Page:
The Texas sharpshooter fallacy is when differences in data are ignored, but similarities are stressed, leading to a false conclusion that is inferred. This fallacy allows people to almost ignore the conflicting date in favor of the few pieces of information that actually fit together, and therefor are focused upon and blown out of proportion to fit the author/ arguers main points. This fallacy can be seen often when a person has collected a large amount of data that may mostly conflict, but he/she decides to specifically focus on a small subset of that data that they find most closely relating to what they were trying to prove in the collection of the data. A visual example of this fallacy can be explained like this: “A Texan who fires some gunshots at the side of a barn, then paints a target centered on the tightest cluster of hits and claims to be a sharpshooter.” This joke is also where the fallacy gets its name.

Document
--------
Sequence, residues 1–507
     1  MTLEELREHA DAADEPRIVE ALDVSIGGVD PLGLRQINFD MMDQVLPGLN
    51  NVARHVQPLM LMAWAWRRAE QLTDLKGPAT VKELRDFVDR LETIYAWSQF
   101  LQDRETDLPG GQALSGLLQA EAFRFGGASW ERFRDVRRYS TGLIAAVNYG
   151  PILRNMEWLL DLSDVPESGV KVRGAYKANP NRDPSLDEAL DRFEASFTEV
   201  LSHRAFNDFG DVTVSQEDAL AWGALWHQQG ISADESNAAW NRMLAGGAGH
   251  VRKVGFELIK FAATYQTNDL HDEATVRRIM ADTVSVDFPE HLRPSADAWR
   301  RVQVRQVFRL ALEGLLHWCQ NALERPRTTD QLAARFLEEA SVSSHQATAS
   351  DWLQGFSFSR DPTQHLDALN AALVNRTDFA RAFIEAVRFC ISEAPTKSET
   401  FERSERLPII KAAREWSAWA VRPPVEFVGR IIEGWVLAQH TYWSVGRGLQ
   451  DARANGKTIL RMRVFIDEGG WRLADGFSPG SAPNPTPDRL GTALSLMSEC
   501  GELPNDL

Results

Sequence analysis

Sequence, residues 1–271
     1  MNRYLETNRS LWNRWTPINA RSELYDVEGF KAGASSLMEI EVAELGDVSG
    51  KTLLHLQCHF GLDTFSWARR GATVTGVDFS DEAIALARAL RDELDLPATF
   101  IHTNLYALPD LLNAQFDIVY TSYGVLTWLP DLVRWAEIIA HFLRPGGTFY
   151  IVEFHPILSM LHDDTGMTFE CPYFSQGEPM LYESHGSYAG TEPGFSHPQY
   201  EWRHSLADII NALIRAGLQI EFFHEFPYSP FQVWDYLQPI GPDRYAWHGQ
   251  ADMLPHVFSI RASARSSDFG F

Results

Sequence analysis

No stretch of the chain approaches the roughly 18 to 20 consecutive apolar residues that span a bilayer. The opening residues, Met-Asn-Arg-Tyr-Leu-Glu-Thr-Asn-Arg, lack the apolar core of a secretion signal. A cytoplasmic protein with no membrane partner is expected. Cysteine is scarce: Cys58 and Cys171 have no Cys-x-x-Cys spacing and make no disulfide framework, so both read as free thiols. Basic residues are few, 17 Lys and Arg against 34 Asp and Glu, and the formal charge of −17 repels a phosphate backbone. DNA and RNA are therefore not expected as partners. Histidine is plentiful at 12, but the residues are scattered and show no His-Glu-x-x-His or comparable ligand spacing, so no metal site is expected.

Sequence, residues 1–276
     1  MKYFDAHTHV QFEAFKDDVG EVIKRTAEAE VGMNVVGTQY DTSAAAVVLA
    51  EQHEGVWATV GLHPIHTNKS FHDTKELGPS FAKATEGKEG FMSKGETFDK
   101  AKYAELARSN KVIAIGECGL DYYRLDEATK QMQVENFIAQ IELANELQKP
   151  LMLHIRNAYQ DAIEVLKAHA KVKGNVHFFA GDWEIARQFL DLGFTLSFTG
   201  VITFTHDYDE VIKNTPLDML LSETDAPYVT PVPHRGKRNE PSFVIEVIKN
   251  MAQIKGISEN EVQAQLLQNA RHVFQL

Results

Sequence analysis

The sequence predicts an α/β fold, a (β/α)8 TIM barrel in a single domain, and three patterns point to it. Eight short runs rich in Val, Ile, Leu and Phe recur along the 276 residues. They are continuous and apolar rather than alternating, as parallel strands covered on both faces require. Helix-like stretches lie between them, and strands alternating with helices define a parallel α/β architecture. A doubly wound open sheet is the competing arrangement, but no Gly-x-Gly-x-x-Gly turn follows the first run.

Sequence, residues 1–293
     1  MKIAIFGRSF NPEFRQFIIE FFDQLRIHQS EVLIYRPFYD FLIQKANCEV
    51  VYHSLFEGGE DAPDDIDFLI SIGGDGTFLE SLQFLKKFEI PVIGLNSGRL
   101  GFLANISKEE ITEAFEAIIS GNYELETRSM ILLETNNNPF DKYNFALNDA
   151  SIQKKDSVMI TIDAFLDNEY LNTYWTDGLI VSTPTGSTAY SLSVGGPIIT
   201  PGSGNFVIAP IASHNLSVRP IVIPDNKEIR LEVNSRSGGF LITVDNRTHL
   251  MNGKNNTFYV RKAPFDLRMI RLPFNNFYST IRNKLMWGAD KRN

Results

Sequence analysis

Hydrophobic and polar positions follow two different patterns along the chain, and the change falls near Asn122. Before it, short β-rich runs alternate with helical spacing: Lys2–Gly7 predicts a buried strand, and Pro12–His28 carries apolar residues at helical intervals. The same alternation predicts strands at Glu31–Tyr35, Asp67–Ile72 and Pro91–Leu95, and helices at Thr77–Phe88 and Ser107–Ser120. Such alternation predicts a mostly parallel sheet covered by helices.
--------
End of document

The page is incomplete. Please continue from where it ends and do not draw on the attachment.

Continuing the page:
An example of this fallacy that can be seen in society today in Trump's claim that: “When Mexico sends its people, they’re not sending their best. They’re not sending you. They’re sending people that have lots of problems, and they’re bringing those problems with us. They’re bringing drugs. They’re bringing crime. They’re rapists. And some, I assume, are good people.” This claim was established by looking at America’s rates and percentages of crime in certain areas of the country, the populations of jails, and the war on drugs that is always such a big issue in America. He ignored the statistics that would have revealed the number of Mexicans that come here legally (and illegally) and contribute to the economy, people that come here illegally but aren’t involved in selling drugs, aren’t rapists, aren’t involved in any form of crime, don’t bring any problems, and eventually do become legal citizens. He made this statement to appeal to his followers that think illegal immigrants, and immigration in general, are the causes of many of America’s problems. He also included the line “And some, I assume, are good people” to protect himself a little from the backlash of making such a broad original statement, but highlighted the pieces of data collected that were in favor of his own views and got his main idea across: that we shouldn’t be letting them into our country because of the risk of more crime.